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Cocaine is an alkaloid of the coca shrub and exhibits anaesthetic, vasoconstrictor and central stimulant properties. It has effects on a number of neurotransmitter systems in the brain and is active at many anatomical sites within the central nervous system.


Cocaine is prepared from the coca plant and initially is in the form of a salt (cocaine hydrochloride). This salt can be inhaled into the nostril and absorbed into the bloodstream across the nasal mucosa.

The cocaine salt can also be converted to the free base of cocaine with volatile solvents which must then be carefully removed. The free base cocaine is then burnt with inhalation of the smoke resulting in very rapid and efficient absorption across the alveolar membranes of the lungs.

The third method of cocaine administration is intravenous injection of the cocaine salt.

It is generally considered that most cocaine users begin with intra-nasal administration and later progress to injecting use or inhalation of smoke.


Cocaine was only discovered in Western Europe in the 19th century but had been used for centuries by South American Indians. In the past two decades consumption of cocaine has increased in America, Western Europe and more recently in Australia.

In the mid-1980s ready made free base cocaine was marketed in the streets of American cities and became known as 'crack'. Crack, a much cheaper and more accessible version of cocaine, is widespread among lower socioeconomic groups particularly in the inner-city areas dominated by racial and ethnic minorities in the United States of America. In contrast, the users of the crystalline form of cocaine, which is inhaled, have generally been identified as those who are better educated and of a higher socioeconomic status. These socioeconomic differences, together with the different preparations of cocaine, pose problems when attempting to propose general treatment guidelines.

Fox and Mathews (1992) report that in the United States, 25 000 000 people have used cocaine at least once with 6 000 000 Americans admitting use within the previous month and 3 000 000 using the drug continuously. Furthermore, 10% of pregnant women admitted to cocaine use at least once in the antenatal period.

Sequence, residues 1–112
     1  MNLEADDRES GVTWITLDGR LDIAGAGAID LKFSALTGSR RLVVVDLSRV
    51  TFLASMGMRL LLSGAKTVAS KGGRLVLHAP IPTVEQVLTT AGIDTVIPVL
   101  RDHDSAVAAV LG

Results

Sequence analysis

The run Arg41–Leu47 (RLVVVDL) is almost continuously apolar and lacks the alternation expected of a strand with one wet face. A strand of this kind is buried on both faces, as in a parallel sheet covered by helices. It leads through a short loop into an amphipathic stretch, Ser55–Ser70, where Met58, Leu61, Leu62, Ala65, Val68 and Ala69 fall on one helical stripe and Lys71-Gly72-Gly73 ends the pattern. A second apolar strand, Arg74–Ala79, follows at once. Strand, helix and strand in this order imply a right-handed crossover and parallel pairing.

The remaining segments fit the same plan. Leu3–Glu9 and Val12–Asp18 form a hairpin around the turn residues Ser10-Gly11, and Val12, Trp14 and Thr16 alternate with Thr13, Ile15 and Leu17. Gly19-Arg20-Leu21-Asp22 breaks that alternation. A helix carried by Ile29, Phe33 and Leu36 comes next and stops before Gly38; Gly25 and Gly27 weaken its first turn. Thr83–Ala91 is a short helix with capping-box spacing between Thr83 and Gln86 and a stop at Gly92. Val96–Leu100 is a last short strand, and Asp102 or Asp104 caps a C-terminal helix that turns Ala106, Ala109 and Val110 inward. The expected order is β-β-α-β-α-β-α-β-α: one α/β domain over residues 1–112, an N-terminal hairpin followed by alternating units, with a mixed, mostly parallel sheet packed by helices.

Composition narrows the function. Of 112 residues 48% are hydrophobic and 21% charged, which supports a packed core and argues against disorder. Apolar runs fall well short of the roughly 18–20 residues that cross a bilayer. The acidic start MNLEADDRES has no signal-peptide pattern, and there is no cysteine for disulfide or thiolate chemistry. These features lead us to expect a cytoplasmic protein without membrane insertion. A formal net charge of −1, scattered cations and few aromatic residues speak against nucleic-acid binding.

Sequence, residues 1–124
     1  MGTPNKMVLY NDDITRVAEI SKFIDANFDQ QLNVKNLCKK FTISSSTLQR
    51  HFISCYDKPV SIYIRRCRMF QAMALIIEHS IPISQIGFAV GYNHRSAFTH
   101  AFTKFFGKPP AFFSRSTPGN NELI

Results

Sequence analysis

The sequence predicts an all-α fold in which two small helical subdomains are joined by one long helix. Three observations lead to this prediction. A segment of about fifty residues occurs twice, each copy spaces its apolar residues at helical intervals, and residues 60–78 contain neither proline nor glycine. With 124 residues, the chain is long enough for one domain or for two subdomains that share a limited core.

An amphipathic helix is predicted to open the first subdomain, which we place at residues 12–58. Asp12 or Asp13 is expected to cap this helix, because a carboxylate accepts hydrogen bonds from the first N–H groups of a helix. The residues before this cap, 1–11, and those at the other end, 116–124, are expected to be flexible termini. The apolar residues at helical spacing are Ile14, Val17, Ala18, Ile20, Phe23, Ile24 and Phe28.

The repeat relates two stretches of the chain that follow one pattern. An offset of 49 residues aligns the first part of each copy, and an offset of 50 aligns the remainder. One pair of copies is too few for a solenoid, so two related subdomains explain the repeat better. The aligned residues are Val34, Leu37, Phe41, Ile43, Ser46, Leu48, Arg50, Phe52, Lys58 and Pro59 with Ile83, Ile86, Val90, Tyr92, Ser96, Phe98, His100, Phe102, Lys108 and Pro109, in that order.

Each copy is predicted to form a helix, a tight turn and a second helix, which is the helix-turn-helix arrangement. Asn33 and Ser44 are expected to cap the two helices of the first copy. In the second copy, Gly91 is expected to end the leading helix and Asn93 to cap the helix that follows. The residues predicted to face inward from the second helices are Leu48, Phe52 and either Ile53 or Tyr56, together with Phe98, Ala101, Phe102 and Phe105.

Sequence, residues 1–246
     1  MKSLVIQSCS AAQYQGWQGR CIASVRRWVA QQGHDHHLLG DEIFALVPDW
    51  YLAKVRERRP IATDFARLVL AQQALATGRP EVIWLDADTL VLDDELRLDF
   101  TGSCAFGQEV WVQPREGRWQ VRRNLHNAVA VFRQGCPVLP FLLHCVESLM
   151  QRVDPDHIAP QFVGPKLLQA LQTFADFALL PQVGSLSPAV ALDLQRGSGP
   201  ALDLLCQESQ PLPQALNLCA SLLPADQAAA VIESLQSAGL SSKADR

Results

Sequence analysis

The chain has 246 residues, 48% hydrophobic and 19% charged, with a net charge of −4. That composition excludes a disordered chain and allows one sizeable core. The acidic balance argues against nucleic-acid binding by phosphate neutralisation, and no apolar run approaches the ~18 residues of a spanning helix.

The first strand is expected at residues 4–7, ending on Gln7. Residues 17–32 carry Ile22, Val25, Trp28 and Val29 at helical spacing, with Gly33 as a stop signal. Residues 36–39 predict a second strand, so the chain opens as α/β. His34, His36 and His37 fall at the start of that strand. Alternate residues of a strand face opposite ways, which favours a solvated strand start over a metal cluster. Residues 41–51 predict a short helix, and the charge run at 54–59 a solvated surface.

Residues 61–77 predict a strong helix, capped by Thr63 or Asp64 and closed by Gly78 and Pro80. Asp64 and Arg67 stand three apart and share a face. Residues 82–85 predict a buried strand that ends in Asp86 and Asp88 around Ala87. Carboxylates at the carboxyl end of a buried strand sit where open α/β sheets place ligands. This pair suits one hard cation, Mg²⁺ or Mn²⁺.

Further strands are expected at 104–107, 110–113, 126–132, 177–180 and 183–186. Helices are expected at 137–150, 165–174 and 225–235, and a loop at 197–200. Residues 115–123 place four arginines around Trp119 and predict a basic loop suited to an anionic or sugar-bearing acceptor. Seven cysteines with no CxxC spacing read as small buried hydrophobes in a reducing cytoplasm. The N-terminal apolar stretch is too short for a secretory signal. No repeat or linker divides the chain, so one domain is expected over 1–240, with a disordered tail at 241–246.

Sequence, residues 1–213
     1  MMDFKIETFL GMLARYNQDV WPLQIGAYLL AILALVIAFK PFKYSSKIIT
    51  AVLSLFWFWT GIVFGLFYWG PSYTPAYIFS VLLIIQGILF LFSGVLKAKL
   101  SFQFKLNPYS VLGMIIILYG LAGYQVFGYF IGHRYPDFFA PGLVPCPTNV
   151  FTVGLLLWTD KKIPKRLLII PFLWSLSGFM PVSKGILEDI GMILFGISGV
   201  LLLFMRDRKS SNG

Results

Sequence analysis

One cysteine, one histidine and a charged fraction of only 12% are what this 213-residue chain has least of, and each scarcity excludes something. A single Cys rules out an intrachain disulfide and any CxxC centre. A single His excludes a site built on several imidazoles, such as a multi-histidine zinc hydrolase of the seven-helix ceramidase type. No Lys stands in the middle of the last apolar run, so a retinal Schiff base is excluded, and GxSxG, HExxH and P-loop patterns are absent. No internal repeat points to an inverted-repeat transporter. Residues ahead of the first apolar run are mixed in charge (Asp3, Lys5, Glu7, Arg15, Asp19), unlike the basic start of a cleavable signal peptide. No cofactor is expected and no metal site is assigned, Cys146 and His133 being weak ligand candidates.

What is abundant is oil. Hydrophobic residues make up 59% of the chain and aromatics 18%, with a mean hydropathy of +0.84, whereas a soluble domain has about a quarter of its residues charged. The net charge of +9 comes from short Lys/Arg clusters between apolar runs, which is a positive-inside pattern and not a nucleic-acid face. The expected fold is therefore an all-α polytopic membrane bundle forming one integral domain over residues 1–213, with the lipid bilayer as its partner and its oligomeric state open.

In Australia levels of use are much lower, with the Parliamentary Joint Committee on the National Crime Authority 1988-1989 reporting figures of 84 500 users in the past 12 months and 6640 regular users. Contrary to popular perception, patterns of cocaine use in Australia have remained relatively stable between the years of 1985 and 1991. This is probably a consequence of the relative lack of availability and expense of cocaine. The only group in Australia to show an increase in use, were women in their early twenties and early thirties (Fox and Mathews, 1992).

Cocaine is a highly addictive drug, although there is disagreement in the research as to whether cocaine produces physical withdrawal symptoms. In general, the research suggests that cocaine does not produce physical dependence and a withdrawal syndrome.


Generally, regular users of cocaine are a very small group in Australia and are largely confined to the more affluent groups in the cities. Those most at risk could include:


The intensity, and sometimes the nature, of cocaine's effects are governed by:

Low dose effects

High dose effects

Long-term effects


Deaths from cocaine usually result from high sensitivity to the drug or massive overdose. Deaths from overdose may occur regardless of route of administration. In most cases the reported lethal dose of pure cocaine is approximately 1.2 grams to 1.4 grams. Most common causes of death are:


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